Tectonic patterns had a significant influence on the late Paleozoic Berea, Loyalhanna, and Pittsburgh-Sewickley sandstone units in western West Virginia. The depocenter was in the southwest during Early Devonian Berea deposition, southeast when the Mississippian Loyalhanna (Big Injun) sands filled submarine valleys, and northwest during Late Pennsylvanian when the Pittsburgh and Sewickley (Monongahela Group) deltaic sandstones were deposited.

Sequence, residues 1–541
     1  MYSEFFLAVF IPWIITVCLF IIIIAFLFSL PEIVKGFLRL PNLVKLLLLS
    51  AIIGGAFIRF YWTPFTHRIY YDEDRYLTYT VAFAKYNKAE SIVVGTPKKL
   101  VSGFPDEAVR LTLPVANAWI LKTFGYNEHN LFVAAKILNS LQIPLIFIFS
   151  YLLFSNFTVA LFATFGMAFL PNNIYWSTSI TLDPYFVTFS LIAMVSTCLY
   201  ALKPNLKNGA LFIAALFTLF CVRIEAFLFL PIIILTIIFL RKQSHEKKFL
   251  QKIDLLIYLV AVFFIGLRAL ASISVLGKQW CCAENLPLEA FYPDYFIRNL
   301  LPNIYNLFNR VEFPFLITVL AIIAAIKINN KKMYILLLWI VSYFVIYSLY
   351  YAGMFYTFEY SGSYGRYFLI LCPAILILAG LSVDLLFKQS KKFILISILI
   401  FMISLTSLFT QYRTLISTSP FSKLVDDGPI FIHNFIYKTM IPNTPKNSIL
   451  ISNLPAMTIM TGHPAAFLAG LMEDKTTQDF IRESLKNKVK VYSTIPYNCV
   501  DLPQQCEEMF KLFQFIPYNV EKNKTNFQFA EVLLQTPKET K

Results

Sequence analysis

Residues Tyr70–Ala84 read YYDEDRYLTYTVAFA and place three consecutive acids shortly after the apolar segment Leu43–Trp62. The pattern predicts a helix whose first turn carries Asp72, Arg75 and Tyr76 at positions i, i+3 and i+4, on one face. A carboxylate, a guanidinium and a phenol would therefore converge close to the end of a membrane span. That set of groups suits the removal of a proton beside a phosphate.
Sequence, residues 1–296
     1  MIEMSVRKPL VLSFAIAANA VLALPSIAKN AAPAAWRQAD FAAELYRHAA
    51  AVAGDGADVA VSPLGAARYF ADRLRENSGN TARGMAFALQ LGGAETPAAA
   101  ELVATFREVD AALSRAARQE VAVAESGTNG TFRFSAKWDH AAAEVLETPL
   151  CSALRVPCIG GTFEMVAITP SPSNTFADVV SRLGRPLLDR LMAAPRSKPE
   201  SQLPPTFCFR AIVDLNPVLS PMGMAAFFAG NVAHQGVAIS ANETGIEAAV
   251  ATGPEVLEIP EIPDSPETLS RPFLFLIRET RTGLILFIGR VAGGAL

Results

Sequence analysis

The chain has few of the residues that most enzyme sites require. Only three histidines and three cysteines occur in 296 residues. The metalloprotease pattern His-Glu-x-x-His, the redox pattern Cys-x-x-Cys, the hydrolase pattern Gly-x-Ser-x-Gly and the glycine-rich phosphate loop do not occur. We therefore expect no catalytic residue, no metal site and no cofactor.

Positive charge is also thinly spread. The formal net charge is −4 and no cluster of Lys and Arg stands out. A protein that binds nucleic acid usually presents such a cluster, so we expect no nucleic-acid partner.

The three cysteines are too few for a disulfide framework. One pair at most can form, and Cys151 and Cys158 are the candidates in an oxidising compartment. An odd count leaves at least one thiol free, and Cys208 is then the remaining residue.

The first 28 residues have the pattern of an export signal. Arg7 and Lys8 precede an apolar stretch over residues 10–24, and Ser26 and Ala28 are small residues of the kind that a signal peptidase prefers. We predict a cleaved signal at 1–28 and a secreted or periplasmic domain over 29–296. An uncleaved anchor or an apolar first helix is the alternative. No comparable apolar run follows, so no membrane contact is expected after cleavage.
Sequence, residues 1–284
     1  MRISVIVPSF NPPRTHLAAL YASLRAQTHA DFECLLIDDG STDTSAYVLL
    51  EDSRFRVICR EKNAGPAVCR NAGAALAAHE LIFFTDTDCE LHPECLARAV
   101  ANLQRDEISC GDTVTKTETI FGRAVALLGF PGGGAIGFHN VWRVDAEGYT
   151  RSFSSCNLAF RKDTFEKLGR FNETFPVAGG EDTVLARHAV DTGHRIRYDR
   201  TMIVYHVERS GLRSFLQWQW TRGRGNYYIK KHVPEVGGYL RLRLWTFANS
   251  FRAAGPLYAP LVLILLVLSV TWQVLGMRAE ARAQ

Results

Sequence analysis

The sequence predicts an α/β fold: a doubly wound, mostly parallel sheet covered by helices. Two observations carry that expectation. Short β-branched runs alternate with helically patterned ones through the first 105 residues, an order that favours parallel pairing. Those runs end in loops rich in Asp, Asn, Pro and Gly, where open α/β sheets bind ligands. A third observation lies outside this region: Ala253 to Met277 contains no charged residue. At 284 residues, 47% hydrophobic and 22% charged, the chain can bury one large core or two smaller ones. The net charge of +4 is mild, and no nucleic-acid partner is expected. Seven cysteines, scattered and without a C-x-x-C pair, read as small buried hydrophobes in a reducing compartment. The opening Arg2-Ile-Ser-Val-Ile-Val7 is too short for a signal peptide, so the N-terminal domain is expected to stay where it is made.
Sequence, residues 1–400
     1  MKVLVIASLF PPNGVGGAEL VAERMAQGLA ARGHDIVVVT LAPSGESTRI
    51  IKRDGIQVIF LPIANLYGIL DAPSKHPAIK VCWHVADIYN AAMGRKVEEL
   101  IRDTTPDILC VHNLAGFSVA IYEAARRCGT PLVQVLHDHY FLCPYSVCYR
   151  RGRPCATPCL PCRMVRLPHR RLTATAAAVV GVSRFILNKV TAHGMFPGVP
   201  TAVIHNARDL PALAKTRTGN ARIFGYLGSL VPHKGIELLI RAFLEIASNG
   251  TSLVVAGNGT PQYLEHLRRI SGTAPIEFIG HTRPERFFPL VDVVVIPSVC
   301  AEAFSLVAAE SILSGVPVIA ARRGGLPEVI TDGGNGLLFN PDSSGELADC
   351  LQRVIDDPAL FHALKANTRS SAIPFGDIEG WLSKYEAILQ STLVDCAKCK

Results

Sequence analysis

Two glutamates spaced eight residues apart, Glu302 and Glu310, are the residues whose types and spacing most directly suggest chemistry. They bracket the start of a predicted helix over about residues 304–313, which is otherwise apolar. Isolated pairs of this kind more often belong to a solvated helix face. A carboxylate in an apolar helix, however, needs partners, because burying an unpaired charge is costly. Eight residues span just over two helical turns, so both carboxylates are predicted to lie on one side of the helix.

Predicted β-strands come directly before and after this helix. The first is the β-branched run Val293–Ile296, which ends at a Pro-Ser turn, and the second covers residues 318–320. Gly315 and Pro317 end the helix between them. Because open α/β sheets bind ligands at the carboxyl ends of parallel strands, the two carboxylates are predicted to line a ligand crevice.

Western West Virginia tectonically was on a relatively stable platform west of the Appalachian trough. Relative rates of supply and subsidence in the trough influenced the major changes in regional paleoslopes. Shallow downwarped axes on the platform oriented perpendicular to the trough also exerted a subordinate but important tectonic control on sedimentation. Characteristics of shallow-water deposition are shared by the Berea, Loyalhanna (Big Injun), and Monongahela sandstone units. However, the interpreted submarine valley-fill depositional environment of the Loyalhanna (Big Injun) is considerably different from the deltaic environment suggested for the Berea and Monongahela sandstones.